Abstract

Clay swelling, dispersion, and migration frequently create flow problems insubterranean structures subjected to steam or other thermal recover: methods. Available literature concerning the effectiveness of clay stabilizers in steamor hot water environments is limited.

Thermal recovery methods are predicted to play a vital role in furtherdevelopment of many hydrocarbon reservoir. Effective control of clays should beachieved to facilitate greater and more economical depletion of existing andyet to be developed reservoir.

Several commercial inorganic and organic clay agents were evaluated in thelaboratory for retention of clay stabilization properties when expose to 300 °C(422 °K) to 600 °F (588.7 °K) steam. Stand packs containing clays were treatedwith clay stabilizers, then subjected to dynamic steam flow conditions. Thesteam, passing through each porous test specimen, was condensed and analyzedfor evidence of clay stabilizer residues. Accumulated steam throughput volumes(water equivalent) were measured to determine relative flow characteristics ofdifferent clay stabilization chemicals. Results were compared to tests sandsnot treated with any clay stabilizer. Clayey test sands were exposed to sixhours of steam flow. Each steamed clayey sand was evaluated for claystabilization properties before nd after treatment with hydrochloricacid.

Data indicate that currently that currently available organic and inorganicclay stabilization agents can be beneficial in maintaining greater sustainedformation permeabilities in clayey formation subjected to steam and hot waterflooding. Findings showed that clay stabilizers vary in retention of claystabilization properties during and after steam treatment and in resistance tohydrochloric acid stimulation treatment.

Introduction

It has been reported that oil received by steam recovery methods represents 90%of the oil produced by all of the current enhanced oil recoverytechniques1. Steam recovery methods will become even more widelyused as more of the very viscous oils are recovered. Although steam floodinghas generally been restricted to reservoirs containing low gravity crudes, application in light oil-bearing structures may become more common. Steamflooding of several light oil-containing formations has shown this processsignificantly reduces oil saturation remaining after waterflooding.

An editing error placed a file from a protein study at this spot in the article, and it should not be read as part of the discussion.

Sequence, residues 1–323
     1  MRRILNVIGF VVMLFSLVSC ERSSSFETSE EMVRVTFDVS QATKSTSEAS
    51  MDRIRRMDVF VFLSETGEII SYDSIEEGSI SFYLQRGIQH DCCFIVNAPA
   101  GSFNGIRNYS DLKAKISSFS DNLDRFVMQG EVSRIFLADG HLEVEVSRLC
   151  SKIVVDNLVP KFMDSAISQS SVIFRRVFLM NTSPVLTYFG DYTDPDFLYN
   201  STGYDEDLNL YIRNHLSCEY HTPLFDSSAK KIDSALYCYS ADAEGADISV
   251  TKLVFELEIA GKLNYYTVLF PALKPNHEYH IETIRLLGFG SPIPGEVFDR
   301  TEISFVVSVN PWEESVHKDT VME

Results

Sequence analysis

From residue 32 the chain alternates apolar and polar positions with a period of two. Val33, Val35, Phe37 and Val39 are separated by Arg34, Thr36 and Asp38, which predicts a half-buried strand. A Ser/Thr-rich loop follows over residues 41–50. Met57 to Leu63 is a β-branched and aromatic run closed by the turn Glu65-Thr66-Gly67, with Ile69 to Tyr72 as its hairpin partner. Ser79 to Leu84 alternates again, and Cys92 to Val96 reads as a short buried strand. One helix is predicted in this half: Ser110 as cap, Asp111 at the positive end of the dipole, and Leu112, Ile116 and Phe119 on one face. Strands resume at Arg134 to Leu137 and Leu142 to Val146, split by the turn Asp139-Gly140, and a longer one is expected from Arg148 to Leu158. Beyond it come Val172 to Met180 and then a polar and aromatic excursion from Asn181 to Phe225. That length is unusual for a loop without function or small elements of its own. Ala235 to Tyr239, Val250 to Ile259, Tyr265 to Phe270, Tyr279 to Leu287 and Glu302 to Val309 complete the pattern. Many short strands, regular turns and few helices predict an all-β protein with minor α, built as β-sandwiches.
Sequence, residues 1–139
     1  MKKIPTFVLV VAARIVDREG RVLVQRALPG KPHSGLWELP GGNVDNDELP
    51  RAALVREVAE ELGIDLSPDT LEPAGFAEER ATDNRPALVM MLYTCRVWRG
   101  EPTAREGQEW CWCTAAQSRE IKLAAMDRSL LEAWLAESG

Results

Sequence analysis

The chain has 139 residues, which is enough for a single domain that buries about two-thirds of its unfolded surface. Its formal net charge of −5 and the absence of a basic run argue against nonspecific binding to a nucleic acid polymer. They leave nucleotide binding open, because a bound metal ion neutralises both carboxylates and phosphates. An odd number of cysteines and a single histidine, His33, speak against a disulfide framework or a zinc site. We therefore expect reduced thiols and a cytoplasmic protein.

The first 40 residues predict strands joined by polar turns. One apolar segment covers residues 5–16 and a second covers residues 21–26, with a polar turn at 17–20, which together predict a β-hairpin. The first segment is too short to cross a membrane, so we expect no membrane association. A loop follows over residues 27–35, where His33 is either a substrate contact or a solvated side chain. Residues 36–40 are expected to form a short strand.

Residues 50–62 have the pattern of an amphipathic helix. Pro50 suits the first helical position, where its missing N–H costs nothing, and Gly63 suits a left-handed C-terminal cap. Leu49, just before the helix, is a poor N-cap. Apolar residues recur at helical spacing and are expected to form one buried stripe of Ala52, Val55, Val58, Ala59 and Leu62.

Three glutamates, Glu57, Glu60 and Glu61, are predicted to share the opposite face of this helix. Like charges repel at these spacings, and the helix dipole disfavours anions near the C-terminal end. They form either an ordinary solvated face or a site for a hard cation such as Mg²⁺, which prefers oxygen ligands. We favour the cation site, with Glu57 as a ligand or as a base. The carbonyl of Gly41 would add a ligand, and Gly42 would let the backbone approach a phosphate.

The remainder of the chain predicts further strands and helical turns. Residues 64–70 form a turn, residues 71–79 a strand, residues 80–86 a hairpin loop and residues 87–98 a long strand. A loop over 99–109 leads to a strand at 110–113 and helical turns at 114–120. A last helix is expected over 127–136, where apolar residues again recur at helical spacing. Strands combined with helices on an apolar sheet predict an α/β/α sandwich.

Steam injection encompasses the entire recovery spectrum involving primary, secondary, and tertiary techniques. Primary recovery of the very viscous orsemi-solid oils from tar sands constitutes one or the most important productionmethods for these oil sands in Alberta. Steam recovery technology is advancingas the application scope expands. The C.S Department of Energy is supportingresearch related to development of chemical additives for application withsteam injection to increase oil recover. Current work is concerned with lowtension agents which will function is steam environments and chemical systemsfor plugging or reducing aggressive steam input into high permeabilities steakswithin a heterogeneous formation. Steam injection profile control can beachieved only with the development of materials that will not decompose in therock matrix when exposed to high temperature steam.

The purpose of this paper is to present findings which may contribute to steamrecovery termology in the area of controlling clay minerals.

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